Signs and Portents (Review: The Green Knight)
The past is a distant country. The further away we travel from it, the more strange the customs feel and the more unlike our own times it becomes. Consider the life you lead right now, the things you take for granted and consider to be normal. Now consider how jarring it would be to time travel back to, say, 1951. The clothing, technology, standards, everything would feel odd, and 1951 was only 70 years ago.
Take that sense of disconnectedness and multiply it. You probably have something close to the chasm between how we think about the Middle Ages and the lived experience of Europeans. From the 8th to the 14th centuries an Islamic renaissance took place, in which all matter of leaps forward occurred in the arts and science. Europe, on the other hand, existed in a kind of awful stasis. When John Hobbes wrote in 1651 that, “The life of man, solitary, poor, nasty, brutish, and short,” he could have been writing quite accurately about Europe in the Middle Ages.
We Americans aren’t the only ones who love revisionist history.* For a time, chivalric romances were insanely popular, particularly within the courts of royalty. The MCU of their time, these tales overlooked the pestilence and pointless wars that spread through the land, Instead, they were filled with magic, adventure, and frequently starred noble knights embarking upon perilous quests. They also formed the vast majority of how we think about the time now. When you imagine a knight in gleaming armor rescuing a fair damsel, you’re connecting to an echo of those chivalric romances. Most likely, the characters you know were King Arthur and his knights.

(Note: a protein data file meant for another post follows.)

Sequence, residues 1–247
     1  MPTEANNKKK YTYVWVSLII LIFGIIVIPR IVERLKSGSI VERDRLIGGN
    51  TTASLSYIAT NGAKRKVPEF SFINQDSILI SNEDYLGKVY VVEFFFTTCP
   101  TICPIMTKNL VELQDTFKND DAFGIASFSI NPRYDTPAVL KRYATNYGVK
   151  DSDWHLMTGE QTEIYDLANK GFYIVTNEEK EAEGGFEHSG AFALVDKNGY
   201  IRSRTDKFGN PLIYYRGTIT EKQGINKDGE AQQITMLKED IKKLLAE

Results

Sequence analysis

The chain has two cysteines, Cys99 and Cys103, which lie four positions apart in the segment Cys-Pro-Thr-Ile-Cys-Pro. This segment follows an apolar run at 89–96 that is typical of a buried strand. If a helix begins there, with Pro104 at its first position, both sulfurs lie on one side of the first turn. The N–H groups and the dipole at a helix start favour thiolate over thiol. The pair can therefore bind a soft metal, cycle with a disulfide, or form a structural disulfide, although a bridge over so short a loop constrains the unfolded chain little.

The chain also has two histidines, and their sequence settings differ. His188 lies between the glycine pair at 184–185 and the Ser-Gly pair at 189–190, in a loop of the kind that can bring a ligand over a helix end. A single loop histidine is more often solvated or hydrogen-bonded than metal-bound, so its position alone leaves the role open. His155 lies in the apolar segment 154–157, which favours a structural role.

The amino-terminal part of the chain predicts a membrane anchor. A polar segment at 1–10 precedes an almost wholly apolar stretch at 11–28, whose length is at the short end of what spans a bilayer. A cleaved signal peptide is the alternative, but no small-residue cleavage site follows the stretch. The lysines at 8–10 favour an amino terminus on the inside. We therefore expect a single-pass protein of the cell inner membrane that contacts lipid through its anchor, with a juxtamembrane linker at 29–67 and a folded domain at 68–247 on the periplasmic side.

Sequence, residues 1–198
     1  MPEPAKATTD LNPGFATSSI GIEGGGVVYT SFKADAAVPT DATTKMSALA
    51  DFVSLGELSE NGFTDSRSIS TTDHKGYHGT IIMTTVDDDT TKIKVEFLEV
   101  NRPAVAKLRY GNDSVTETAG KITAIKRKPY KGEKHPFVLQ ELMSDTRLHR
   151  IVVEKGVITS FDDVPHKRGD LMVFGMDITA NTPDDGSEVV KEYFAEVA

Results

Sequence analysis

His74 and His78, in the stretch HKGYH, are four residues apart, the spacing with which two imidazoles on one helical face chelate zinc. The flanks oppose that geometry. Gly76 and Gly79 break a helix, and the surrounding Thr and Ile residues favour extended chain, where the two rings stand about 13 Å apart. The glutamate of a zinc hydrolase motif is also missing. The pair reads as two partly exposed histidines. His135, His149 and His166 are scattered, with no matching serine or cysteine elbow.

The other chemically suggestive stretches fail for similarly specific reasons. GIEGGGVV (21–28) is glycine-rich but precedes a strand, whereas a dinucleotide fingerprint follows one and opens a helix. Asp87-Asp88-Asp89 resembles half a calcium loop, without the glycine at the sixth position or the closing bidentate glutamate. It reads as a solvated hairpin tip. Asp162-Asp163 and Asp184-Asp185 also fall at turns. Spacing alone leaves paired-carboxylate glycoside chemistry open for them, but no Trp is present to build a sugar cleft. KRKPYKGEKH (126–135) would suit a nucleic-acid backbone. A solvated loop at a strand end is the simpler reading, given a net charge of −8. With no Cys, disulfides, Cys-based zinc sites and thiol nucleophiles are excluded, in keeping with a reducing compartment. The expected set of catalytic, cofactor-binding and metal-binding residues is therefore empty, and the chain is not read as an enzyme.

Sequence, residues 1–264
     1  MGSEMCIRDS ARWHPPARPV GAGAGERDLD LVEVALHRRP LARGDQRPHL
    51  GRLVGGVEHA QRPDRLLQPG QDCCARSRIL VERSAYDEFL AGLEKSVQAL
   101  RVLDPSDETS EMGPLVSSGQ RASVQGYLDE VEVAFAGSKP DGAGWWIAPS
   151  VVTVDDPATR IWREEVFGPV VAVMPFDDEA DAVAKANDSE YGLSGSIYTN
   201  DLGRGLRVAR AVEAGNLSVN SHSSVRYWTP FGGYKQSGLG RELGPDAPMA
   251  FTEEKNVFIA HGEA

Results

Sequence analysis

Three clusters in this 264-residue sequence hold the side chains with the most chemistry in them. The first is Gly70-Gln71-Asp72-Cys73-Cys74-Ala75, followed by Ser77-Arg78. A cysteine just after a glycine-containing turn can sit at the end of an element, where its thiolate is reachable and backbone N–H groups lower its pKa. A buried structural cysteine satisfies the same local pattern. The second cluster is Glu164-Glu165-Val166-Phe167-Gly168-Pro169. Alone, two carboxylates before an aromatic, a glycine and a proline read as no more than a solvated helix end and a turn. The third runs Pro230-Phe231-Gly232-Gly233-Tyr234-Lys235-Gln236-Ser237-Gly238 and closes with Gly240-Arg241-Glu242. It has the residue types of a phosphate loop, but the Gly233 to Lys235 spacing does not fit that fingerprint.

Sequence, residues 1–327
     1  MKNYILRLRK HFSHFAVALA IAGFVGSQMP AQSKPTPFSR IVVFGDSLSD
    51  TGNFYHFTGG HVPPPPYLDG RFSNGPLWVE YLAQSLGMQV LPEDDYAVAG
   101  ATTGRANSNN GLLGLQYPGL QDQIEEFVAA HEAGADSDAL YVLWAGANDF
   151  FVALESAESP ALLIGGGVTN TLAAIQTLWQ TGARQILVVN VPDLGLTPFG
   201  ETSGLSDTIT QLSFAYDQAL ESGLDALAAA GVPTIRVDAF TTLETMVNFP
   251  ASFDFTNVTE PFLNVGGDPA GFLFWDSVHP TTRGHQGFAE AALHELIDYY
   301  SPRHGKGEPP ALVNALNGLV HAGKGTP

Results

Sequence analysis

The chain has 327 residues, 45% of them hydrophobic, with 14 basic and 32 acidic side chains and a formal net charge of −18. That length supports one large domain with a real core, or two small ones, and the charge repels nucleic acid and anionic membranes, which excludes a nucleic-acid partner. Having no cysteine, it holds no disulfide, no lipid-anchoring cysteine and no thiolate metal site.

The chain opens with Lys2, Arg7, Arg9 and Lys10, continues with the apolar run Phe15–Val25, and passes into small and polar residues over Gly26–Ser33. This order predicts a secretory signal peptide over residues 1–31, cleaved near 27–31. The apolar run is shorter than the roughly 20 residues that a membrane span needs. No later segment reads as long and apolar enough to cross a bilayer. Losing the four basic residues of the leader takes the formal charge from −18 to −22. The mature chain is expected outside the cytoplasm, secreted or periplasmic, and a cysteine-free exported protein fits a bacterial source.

There have been a number of films about the Knights of the Round Table. Other than Excalibur, very few of them have leaned into the innate strangeness of the time. When a film comes along that deftly marries the old chivalric romances with, I assume, the deep and true weirdness of the Middle Ages, I get interested. The Green Knight is that film.
The tale of Gawain (Dev Patel) begins in a brothel. His lover is Essel (Alicia Vikander), a commoner. While her social status generally wouldn’t matter, it’s highly relevant here. You see, Gawain is a knight, it’s Christmas Day, and he’s expected to attend a feast at Camelot. Worst of all, the young man can’t find his boots.
He scampers home, just in time for a tongue-lashing by his mother (Sarita Choudhury). She’s better known as Morgan le Fay, a trafficker in dark magicks. Morgan has plans within plans, one of them concerning the young Gawain. Upon his arrival at Camelot, Gawain is summoned to the side of Arthur (Sean Harris) and he tells the King that he yearns for greatness and a chance to prove himself.
Gawain gets his chance with the arrival of the Green Knight (Ralph Ineson), a creature of the woods who issues a challenge to Arthur’s court. Whoever can land a blow upon him will gain the Green Knight’s mighty axe. However (and there’s always a “however” in these stories), the knight that delivers the blow must travel to the Green Chapel a year later. At that time, the Green Knight will deliver a strike of equal power.